I talk a lot about subject integration here on the blog, and it is a major part of my music curriculum. I believe classical music studied in isolation is way too abstract for young children, and subject integration can be your secret weapon when it comes to making music appreciation meaningful to your kids.
This is the ninth post in a ten-part series designed to show you how to take a piece of great classical music and use it as a gateway into other subjects.
Find previous posts:
- Hebrides Overture
- William Tell Overture
- The Arrival of the Queen of Sheba
- Clair de Lune
- Hungarian Dance No. 5
- Summer from “The Four Seasons”
- Hoedown from “Rodeo”
- The Lark Ascending
Hopefully, by the time school starts next year, I will have tipped your thinking toward how you can incorporate music appreciation into everything else you are doing. Music appreciation will easily slip in and out of your lesson plans and your home will be filled with great music that has stood the test of time.
Symphony No. 3 “Eroica” // Beethoven
This piece has a super interesting background. First, Ludwig was beginning to grow deaf during its writing. He was fighting increasing despair, seeking solace in his work. This symphony marked a professional turning point for the tortured composer. (Yes, tortured. He was a cantankerous chap, to say the least.)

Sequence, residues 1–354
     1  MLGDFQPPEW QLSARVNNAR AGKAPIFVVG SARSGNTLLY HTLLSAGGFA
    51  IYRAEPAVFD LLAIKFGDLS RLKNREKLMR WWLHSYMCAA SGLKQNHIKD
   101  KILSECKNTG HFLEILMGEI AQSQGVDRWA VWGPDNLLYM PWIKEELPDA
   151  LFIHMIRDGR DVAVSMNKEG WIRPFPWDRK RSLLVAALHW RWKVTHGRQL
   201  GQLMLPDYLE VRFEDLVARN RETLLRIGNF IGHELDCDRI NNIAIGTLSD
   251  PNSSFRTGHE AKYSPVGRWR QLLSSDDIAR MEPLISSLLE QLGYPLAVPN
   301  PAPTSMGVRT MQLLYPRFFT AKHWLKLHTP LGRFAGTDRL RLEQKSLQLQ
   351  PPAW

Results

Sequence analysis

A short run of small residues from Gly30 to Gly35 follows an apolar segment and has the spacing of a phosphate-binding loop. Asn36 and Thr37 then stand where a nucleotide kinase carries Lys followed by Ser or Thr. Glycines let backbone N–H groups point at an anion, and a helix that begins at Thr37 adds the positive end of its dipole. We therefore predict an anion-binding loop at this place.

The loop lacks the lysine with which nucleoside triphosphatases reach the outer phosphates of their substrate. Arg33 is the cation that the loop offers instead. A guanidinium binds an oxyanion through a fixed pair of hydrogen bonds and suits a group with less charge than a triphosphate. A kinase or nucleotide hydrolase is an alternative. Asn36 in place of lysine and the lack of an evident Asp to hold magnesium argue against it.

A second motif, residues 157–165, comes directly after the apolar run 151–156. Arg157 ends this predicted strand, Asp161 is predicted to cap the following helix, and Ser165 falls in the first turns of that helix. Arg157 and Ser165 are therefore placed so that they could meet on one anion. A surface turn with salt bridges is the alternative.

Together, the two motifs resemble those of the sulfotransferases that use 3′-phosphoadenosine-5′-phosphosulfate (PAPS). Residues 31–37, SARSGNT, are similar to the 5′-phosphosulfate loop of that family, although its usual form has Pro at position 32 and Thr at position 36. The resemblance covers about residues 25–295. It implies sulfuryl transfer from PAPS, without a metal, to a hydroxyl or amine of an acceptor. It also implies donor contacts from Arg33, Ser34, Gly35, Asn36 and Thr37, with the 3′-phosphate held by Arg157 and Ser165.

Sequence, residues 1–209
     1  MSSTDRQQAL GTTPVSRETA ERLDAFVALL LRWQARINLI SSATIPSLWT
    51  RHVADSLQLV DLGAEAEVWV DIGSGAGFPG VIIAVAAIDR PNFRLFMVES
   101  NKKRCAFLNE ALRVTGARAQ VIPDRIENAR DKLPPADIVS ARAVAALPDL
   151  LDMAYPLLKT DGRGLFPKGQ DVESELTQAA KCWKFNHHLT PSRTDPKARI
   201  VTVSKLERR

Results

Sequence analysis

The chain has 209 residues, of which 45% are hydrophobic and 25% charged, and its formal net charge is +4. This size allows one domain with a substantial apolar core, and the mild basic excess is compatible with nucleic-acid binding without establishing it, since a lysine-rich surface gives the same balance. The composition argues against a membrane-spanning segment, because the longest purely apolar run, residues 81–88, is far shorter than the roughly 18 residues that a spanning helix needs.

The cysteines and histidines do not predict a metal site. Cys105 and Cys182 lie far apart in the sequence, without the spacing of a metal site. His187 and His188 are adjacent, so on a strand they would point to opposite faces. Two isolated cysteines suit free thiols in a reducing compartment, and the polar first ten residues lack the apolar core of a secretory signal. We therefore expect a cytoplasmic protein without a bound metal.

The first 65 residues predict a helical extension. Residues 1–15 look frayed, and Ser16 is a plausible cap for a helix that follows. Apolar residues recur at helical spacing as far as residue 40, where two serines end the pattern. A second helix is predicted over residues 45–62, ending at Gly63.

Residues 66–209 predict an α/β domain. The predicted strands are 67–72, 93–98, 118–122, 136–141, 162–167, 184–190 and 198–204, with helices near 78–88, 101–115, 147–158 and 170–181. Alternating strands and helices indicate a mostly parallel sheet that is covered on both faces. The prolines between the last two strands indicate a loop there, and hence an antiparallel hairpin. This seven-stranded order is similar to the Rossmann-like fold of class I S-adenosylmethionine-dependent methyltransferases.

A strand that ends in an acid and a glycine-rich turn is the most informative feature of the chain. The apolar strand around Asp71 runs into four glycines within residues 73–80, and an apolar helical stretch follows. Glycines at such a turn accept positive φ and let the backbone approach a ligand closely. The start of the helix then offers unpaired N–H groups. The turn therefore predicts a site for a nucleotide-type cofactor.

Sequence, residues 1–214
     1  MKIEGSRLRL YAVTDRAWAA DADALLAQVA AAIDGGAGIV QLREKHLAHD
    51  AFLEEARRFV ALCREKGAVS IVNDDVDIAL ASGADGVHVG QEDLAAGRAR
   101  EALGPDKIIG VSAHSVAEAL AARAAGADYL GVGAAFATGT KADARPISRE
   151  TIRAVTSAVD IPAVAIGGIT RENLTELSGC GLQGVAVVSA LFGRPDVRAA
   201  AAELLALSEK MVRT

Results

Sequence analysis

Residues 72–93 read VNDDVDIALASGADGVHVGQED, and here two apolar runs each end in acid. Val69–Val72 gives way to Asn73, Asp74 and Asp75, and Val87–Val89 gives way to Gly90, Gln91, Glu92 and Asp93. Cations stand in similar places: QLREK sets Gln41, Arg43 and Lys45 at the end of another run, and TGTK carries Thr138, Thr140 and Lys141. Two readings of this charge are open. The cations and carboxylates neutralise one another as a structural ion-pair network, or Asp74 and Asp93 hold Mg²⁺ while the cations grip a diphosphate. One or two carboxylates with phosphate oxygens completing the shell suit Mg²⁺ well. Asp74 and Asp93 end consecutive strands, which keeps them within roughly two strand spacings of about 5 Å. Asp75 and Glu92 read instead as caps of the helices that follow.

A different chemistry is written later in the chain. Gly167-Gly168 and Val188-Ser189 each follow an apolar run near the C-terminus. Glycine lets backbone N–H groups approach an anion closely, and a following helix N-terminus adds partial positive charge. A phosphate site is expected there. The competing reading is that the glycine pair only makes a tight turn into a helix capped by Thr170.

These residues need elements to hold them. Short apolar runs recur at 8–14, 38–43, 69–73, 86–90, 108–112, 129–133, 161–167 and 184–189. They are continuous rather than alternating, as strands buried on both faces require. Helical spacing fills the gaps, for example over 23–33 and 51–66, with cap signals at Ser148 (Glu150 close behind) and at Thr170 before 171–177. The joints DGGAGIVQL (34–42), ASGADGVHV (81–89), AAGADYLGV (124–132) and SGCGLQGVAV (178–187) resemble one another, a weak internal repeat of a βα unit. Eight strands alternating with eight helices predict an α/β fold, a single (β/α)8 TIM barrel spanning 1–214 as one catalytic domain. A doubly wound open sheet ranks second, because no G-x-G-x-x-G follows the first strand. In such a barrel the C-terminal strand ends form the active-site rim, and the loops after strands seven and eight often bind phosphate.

Eroica means heroic, so that gives you an idea of where we are headed here. It’s hard to appreciate now, but this symphony was really out of the box at the time. It was bigger, louder, and more in-your-face than any symphony had ever been up to that point. It was shocking, intriguing, and a little pearl-clutching. People kind of couldn’t even with the whole thing.
Beethoven perceived himself as a free-spirited, independent thinker – a self-perception that lined up well with a little guy named Napoleon (#punintended) and the whole big conflict called the French Revolution. Ludwig was such a fan of the diminutive conqueror he dedicated his entire Symphony No. 3 to him.
But it didn’t last long.
See, Beethoven got the news in 1804 that Napoleon had declared himself emperor. That’s kind of the polar opposite of free-spirited and independent. Beethoven was not on board with that kind of power play, so he promptly withdrew his dedication. He even went so far as to scribble the self-proclaimed emperor’s name out on the musical score – so vigorously he left holes in the paper.
Lots of interesting history for this one! Give it a listen. It’s quite long, but you will hear the power from the very beginning.
Subject Integration: Symphony No. 3
Beethoven’s Symphony No. 3 lends itself to a strong connection with France and the French Revolution. Let your child’s interests lead you…
- Loads of ideas HERE on craft ideas for creating the French flag.
- Learn to count to 10 in French with the help up THIS video.
Find the top 10 largest cities in France HERE. Do some research to find one fun fact about each city.